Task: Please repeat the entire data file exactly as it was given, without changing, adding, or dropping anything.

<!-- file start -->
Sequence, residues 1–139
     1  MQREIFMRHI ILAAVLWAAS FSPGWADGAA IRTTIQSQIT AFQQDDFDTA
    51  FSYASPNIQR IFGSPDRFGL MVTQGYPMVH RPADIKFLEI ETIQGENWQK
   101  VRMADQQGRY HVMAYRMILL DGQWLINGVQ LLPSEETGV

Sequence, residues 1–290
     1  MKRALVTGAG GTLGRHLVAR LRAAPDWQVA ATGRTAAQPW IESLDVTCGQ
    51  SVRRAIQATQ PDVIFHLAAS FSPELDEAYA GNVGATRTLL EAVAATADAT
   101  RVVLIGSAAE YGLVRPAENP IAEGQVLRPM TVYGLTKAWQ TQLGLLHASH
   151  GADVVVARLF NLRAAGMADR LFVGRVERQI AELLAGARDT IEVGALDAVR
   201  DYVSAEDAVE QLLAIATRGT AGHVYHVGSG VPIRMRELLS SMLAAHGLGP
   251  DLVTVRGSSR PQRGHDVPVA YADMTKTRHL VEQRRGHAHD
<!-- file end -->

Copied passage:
Sequence, residues 1–139
     1  MQREIFMRHI ILAAVLWAAS FSPGWADGAA IRTTIQSQIT AFQQDDFDTA
    51  FSYASPNIQR IFGSPDRFGL MVTQGYPMVH RPADIKFLEI ETIQGENWQK
   101  VRMADQQGRY HVMAYRMILL DGQWLINGVQ LLPSEETGV

Sequence, residues 1–290
     1  MKRALVTGAG GTLGRHLVAR LRAAPDWQVA ATGRTAAQPW IESLDVTCGQ
    51  SVRRAIQATQ PDVIFHLAAS FSPELDEAYA GNVGATRTLL EAVAATADAT
   101  RVVLIGSAAE YGLVRPAENP IAEGQVLRPM TVYGLTKAWQ TQLGLLHASH
   151  GADVVVARLF NLRAAGMADR LFVGRVERQI AELLAGARDT IEVGALDAVR
   201  DYVSAEDAVE QLLAIATRGT AGHVYHVGSG VPIRMRELLS SMLAAHGLGP
   251  DLVTVRGSSR PQRGHDVPVA YADMTKTRHL VEQRRGHAHD